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Business Finance And Banking - Preface

1. Preface

2. Summary

3. Part 1 Chapter 1

4. Chapter 2

5. Part 2 Chapter 1

6. Chapter 1 - continue

7. Chapter 2

8. Chapter 3

9. Chapter 3 continue

10. Chapter 4

11. Part 3 Chapter 1

12. Part 4 Chapter 1


THE NATIONAL BUREAU'S Financial Research Program has three
major objectives: first, the comprehensive reexamination of modern
financial organization with reference to the fundamental financial
services that the constituent institutions render to the community $
second, the study of the effects of law and public regulation and
supervision on the functioning of the financial system and third,
the investigation of how instability in financing activities is related to
general economic instability.

These major aims are being accomplished through the conduct
of a series of projects, each devoted to a phase or process of the
financial system, so far as these can be delineated for separate study.
The first project in the series dealt with consumer instalment financ-
ing and the second, the results of which are summarized in the pres-
ent volume, with business financing. Projects in investment credit,
agricultural finance, and urban real estate finance are now in process.
The final attainment of original objectives will require further
studies of lending and investment technology, and also of the ways
in which financial institutions affect the economic system through
their influence on the volume of circulating media.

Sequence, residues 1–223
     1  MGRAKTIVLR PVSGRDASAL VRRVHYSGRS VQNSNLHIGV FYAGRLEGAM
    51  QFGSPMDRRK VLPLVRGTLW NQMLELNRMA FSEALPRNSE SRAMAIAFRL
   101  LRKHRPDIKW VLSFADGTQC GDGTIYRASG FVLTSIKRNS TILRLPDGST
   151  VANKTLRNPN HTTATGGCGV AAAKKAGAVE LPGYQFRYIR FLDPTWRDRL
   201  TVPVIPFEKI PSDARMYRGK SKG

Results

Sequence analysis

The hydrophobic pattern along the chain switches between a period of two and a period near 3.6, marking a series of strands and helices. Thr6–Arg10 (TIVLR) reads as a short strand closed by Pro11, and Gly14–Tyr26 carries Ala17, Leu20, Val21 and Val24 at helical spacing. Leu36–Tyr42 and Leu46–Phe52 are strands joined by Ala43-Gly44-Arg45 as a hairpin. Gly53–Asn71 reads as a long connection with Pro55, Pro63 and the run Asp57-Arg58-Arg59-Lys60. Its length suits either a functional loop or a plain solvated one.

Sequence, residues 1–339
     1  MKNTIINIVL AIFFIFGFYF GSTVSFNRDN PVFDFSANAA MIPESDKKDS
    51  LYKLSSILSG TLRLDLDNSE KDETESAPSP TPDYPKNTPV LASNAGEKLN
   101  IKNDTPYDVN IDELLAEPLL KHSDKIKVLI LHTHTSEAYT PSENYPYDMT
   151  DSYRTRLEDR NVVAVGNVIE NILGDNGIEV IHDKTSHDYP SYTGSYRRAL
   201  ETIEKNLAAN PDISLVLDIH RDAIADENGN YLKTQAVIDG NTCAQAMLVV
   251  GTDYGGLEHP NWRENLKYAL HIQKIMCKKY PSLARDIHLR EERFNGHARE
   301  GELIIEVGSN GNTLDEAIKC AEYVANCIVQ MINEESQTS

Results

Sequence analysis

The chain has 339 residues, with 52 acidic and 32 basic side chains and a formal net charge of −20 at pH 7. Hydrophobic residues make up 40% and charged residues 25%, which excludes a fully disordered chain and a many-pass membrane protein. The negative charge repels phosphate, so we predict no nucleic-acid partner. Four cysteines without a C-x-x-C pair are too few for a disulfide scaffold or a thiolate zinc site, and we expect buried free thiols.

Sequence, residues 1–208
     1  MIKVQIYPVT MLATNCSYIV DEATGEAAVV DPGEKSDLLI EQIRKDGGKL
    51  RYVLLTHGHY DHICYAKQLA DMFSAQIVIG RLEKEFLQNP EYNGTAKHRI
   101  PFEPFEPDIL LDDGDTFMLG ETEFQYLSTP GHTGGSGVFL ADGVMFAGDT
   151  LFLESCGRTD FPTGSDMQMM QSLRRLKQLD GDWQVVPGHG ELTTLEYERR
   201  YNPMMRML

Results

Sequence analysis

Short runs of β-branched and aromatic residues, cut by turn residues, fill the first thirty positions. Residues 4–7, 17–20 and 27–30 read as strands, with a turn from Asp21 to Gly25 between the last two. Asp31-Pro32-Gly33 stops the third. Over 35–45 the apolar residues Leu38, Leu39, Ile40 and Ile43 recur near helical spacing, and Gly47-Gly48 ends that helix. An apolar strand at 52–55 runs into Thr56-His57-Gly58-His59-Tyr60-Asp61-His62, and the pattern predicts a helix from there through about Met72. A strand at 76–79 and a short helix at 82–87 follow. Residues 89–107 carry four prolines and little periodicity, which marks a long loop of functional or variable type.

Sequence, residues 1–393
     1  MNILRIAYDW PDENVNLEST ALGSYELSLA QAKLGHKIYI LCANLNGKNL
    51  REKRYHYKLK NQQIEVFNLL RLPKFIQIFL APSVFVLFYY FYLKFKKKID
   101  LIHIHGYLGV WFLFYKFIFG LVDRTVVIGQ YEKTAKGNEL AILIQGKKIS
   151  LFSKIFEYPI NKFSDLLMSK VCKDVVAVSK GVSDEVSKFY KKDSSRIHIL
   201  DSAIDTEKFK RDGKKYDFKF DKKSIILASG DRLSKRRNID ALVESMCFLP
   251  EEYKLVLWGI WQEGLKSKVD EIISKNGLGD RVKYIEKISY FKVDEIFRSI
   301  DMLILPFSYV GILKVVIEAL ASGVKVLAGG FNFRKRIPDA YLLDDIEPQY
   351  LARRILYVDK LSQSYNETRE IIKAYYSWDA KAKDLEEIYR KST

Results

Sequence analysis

From the beginning of the Program, a standard method has been
followed in the development of each project. A pre-research sur-
vey determines the adequacy of existing knowledge about the
financing process that is to be considered, and appraises needs for
additional information. On the basis of the results of this survey, a
number of studies are initiated, some of a technical nature and lim-
ited in scope, in order ( i ) to develop new data that may be essential
to round out existing knowledge and (2) to examine in adequate
detail those phases of the subject which require intensive study. The
findings of these primary studies are then brought together and
integrated in a concluding analysis.

Business Finance and Banking is the capstone study of the Busi-
ness Financing Project. This project has endeavored to determine
for recent years the general pattern of demand in the market for
short-term and medium- and long-term business credit} to trace the
structural changes that have occurred since 1900 in the business fi-
nancial organization, especially in manufacturing and trade enter-
prises whose credit demands have been the bulwark of the short- and
medium-term credit market} to relate these changes to major
changes in the structural organization of the economy 5 and, finally,
to describe the adaptations that financing institutions providing
credit have made over the past decade in response to changing de-
mands for their services. During the thirties, the business loan assets
of banks on the average were substantially below the levels attained
in the twenties, and in relation to total assets they were much less
important than in previous banking experience. Therefore, a prob-
lem of special interest in this study has been whether this develop-
ment indicates a long-run tendency for the business financing f unc-
^tion of the commercial banking system to decline.

The primary studies, on which the authors of this volume have
drawn extensively, fall into two groups. The first is concerned with
the contemporary financial structure of business and with changes
in that structure since 1900. The second comprises surveys of a
number of modern institutional arrangements for financing business
enterprise which represent significant adaptations in the business
financing process.

The studies in the first division of the project include four pub-
lished monographs and two unpublished reports, as follows:

The Financing of Large Corporations, 7920-59 (1943), by Albert
R. Koch

Financing Small Corporations in Five Manufacturing Industries,
1926-56 (1942), by Charles L. Merwin